Intelligent selection of components during design
Have you ever designed a product only to find that you have designed in obsolete components? You selected the component, purchased samples from a distributor, manufactured the prototype, and are ready for high volume production. Only then did you find out that your design contained a component which is no longer manufactured or was nearing the end of its life cycle.
Choosing an obsolete component, or one near the end of its life cycle, is not as unusual as it sounds. Many companies have their own component database which lists all the components used in their products. These components frequently form the basis of the company’s list of preferred parts, as they are already proven and because adding new items to inventory can be costly. Often the designer needs to proof the function of the part or complete a lengthy application in order to use a new component.
However, the database often contains all the components ever used in the company’s products – including the obsolete ones. As the database grows over the years, keeping it up-to-date becomes a larger and larger challenge. Manufacturers make components obsolete as demand diminishes below profitability limits, technical changes are made due to manufacturing process changes, prices vary with the market situation, and so forth. The need to update component information is constant. Even if you manage to keep the data current, component discontinuation notices can come without warning and be expensive to fix. If this happens after product introduction, it can cause substantial problems and delays.
Component availability issues are just one of the challenges a designer faces when selecting components for a new design. One needs to find suitable alternatives from various manufacturers and compare their technical specifications and pricing. For industrial products, you need to use components whose pricing and availability are not dependent on their use in consumer electronics.
Product cost, performance, and life cycle are defined during the design phase, so it really matters what kind of support designers get when they choose components. An obsolete component designed into a newly introduced product is an expensive error.
Several companies have concluded that maintaining component information on their own is not cost effective. There are service providers who can take over customer component information management. In this model, the service provider maintains a large component database. The bills of materials for a customer’s products are imported into the service provider’s database and components that are already in the database are linked to the customer’s products. This provides more comprehensive and up-to-datecomponent data maintenance.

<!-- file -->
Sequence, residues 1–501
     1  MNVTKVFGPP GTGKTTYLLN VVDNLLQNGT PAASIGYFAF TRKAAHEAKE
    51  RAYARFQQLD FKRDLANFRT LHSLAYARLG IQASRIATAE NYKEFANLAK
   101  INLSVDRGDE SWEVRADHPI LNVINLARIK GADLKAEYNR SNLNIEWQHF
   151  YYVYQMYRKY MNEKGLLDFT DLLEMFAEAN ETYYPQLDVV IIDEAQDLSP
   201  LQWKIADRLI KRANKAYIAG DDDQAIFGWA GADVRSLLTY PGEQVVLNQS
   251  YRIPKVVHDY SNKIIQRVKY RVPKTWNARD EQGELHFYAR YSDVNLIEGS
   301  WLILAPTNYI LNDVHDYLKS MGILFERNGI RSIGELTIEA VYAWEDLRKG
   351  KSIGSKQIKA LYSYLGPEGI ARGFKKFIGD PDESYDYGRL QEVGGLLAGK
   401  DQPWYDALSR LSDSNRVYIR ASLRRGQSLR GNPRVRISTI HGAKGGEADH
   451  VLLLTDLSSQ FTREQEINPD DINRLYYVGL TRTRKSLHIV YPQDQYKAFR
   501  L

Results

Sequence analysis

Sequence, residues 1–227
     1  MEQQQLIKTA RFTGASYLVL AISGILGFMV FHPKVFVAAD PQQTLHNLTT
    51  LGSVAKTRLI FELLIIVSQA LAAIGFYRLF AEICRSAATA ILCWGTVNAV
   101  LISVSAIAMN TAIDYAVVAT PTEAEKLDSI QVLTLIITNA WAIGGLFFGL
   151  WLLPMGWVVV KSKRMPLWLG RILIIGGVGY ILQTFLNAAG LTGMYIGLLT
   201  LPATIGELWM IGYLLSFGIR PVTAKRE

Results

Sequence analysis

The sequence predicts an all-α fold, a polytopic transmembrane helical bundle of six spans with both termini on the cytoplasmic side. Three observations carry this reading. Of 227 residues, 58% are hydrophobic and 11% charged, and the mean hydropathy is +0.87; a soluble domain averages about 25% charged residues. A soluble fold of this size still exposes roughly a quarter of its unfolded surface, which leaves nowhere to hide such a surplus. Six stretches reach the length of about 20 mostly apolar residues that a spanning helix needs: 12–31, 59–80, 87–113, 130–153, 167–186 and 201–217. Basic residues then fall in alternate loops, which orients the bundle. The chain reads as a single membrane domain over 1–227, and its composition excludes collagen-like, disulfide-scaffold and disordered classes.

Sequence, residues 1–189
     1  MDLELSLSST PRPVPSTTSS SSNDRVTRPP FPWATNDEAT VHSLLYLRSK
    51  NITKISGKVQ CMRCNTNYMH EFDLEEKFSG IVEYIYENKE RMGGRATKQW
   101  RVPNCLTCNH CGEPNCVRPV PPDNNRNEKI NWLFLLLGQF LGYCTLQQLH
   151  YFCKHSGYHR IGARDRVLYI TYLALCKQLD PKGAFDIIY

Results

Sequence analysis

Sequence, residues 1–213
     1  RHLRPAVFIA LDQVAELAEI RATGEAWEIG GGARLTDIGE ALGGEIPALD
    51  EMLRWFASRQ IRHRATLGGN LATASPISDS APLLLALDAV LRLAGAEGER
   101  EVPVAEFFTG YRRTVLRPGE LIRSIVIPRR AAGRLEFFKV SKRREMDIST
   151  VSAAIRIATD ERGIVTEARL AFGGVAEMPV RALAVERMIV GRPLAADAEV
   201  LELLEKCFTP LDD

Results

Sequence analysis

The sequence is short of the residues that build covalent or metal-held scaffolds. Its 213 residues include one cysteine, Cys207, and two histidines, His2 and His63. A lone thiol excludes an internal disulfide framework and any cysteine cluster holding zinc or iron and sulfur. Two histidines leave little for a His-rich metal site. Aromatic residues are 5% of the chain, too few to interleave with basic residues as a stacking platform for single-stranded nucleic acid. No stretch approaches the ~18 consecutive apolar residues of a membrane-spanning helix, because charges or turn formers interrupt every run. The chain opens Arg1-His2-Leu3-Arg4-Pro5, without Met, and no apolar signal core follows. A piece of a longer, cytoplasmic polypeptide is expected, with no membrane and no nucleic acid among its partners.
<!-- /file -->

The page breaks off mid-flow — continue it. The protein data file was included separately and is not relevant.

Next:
As the service provider typically maintains a much larger and more comprehensive set of information than is used in one customer’s products, access to the database gives designers a single source to a wealth of component information. The database contains technical information, environmental information, and life cycle data. Search capabilities allow the user to find a component based on name, type, or a variety of technical parameters. Datasheets and change notices are also included so designers can evaluate potential components in more detail.
How does this help avoid selecting a component which will become obsolete right after the new product is ready? Since these companies concentrate on the component marketplace, they gain knowledge of where particular types of components are used and can make better estimates about life cycles. The estimates are part of the service provided and can greatly reduce the probability of component obsolescence problems. A good component engineering capability at your contract manufacturer can make a huge difference in the success and profitability of your product by allowing you to more accurately determine the suitability and potential risk of using specific components in your design.
Are you interested in more information on this topic?
If you would like to see the way ENICS manages component information, please contact our component engineering department via email@example.com and ask us for a temporary password. (This is only available for Industrial OEMs)
Enics publishes articles that are relevant to various aspects of the world of Industrial Electronics … Stay tuned. In the next article we’ll discuss Design for Manufacturing (DFM).